Sarawak Cultural village was not called the “Living Museum” for nothing; and the Sarawak Cultural Village in Kuching, Sarawak, was one award-winning living museum that could talk and dance for you. It was where you could literally walk into ethnic homes and experienced in person the rich and different cultures of Sarawak, Borneo. Located 35 kilometres from the city of Kuching, Sarawak, the Sarawak Cultural Village beckoned to visitors to feel, see and hear the “realness” and “aliveness” of the place.
The journey from Kuching city to Sarawak Cultural Village (Taman Budaya) took about 40 minutes by car. We enjoyed the relatively smooth drive in the morning, passing by country-side landscapes. The entrance fee to Sarawak Cultural Village was RM60.00 for an adult, RM30 for child 6-12 years old, and free for those below 6. Entering Sarawak Cultural Village was like entering a miniature world, where the heritage and essence of Sarawak were depicted and encapsulated within 14 acres of tropical foliage. There were seven ethnic dwellings in total: the Bidayuh longhouse, Iban longhouse, Penan hut, Orang Ulu longhouse, Melanau tall house, Malay house and Chinese farm house.
The first house we visited was the Bidayuh longhouse, also called a Barok, which meant round-head house. We were warmly invited inside by throbbing beats of gongs and war drums, which created an exciting start to our explorations of Sarawak Cultural Village. Adorned in their brightly coloured red ethnic outfit and headdress, the welcoming team of Bidayuhs or “Land Dayaks” began to explain the various items on display in the Barok, from bamboo carvings to basket weavings, musical instruments, and padi (rice) harvesting equipment.
The next house was the Iban Longhouse. Ibans were known as “Sea Dayaks” due primarily to their elongated dwellings being built by the banks of rivers. But essentially, they were hunters and farmers, moving upstream for newer pasture and farm land once the present one had been exhausted. The Iban longhouse could accommodate several families living under one roof. It had a common veranda area, and of course separate rooms for each family. The Ibans were known for their pua kumbu, an intricately weaved cloth using natural dyes made by their women over months. We also had fun watching how they made kueh jala, a light crispy brown biscuit, and sampled some tuak (rice wine).
The Penan Hut, our third house at the Sarawak Cultural Village, was more like a lean-to, consisting of a roof for cover, a platform area for resting, and some partitions for walls. The Penan Hut served as a temporary shelter for a few weeks or months because the Penans were nomadic forest hunters and gatherers. Their signature weaponry was the keleput (blowpipe), using darts dipped in poison made from the sap of the Upas tree or Antiaris toxicaria.
From blowpipes to swords, next was the Orang Ulu Longhouse, constructed to last for generations. The Orang Ulus, known for their sword-smith skills, comprised of a group of minority tribes: Kayan, Kenyah, Kelabit and Lun Bawang. They were considered a group of graceful and gentle people whose music, songs and dances reflected their gentility. Their distinct musical instrument was the sape, a guitar-like instrument that could produce haunting melodious tunes.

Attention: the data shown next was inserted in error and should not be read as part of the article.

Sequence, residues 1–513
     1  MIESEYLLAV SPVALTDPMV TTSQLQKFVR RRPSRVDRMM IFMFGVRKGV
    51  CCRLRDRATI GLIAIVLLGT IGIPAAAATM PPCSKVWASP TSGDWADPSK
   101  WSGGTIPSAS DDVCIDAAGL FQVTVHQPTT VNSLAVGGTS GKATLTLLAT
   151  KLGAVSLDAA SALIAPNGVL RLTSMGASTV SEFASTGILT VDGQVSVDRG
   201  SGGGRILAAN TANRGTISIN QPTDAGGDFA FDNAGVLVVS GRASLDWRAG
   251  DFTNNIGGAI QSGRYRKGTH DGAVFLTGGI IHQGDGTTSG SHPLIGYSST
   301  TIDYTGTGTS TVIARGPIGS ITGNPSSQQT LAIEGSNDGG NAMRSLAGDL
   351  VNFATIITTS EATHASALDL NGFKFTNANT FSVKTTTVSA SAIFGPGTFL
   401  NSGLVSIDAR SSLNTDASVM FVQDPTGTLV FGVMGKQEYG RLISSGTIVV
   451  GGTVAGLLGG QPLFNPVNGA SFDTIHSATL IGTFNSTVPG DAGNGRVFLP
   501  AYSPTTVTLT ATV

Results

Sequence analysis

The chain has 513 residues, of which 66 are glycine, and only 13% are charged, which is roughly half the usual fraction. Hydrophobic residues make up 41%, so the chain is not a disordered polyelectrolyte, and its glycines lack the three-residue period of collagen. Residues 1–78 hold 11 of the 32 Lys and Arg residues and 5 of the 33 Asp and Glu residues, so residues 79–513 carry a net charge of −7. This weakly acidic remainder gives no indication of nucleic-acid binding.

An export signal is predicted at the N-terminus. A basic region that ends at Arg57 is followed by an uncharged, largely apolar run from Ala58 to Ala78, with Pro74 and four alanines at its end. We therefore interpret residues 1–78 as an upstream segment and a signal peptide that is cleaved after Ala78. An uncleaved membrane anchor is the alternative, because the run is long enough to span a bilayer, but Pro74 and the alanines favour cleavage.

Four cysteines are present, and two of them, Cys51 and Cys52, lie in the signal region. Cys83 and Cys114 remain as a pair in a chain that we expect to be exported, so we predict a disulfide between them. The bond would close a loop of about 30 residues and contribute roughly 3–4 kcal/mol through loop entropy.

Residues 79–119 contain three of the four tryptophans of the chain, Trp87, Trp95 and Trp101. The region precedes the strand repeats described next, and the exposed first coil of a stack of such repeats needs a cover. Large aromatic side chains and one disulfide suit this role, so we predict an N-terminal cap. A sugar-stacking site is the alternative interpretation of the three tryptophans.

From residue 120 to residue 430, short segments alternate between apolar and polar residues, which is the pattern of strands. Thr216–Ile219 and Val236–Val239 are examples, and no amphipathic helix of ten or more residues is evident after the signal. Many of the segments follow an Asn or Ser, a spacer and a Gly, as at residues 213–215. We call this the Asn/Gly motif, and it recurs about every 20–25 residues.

You would have to crane your neck to view the fifth house at the Sarawak Cultural Village. This was the Melanau Tall House, erected 40 feet or more above the ground. The reason for the height was that the Melanaus used to live near the sea and as protection against pirate invasion they built huge houses on 40-foot stilts! The Melanau’s staple diet was sago rather than rice, and they would make tebaloi (sago biscuits) and baked sago pellets out of the sago flour.
A chorus of welcoming “Selamat Datang” greeted us as we reached the sixth house, the Malay House. With its colourful windows and sunlit floral curtains, the Malay House emitted a cheerful and hospitable atmosphere to visitors. The Malay people exuded a warm, friendly and charming personality. As we sat around the wooden floor inside the Malay house at the Sarawak Cultural Village, a group of women in brightly coloured Malay attires came and danced for us. We also played the congkak, a traditional board game that moved stones or marbles around holes scooped out on a wooden board, and watched a gasing (top-spinning) demonstration.
The last and seventh house was the Chinese Farm House at the Sarawak Cultural Village. The Farm House was constructed right on the ground with the trodden earth as the floor. It consisted of two sections: the family or common room and the bedroom. The family room was noteworthy because that was where the living “room”, kitchen, eating place, storage area, and a shrine for praying were placed.
After experiencing the 7 different cultures and homes, we headed over to the mini-theatre to watch the world-acclaimed 45-minute cultural performances, held twice a day at 11.30am and 4.00pm. The show started with an exciting array of multi-cultural dances, choreographed with bright lights, exciting ethnic music and colourfully costumed dancers and performers. There was the elegant and serene dance of the Orang Ulu maidens, following the flight patterns of the hornbills. Then there was the fierce yet mysterious ngajat, an Iban warrior dance performed to rhythmic gongs and rainforest music.
We left the Sarawak Cultural Village with a better knowledge of the various cultures and customs of the people in Sarawak. It had been an amazing day and we were happy to reminisce on our cultural experiences at the Sarawak Cultural Village.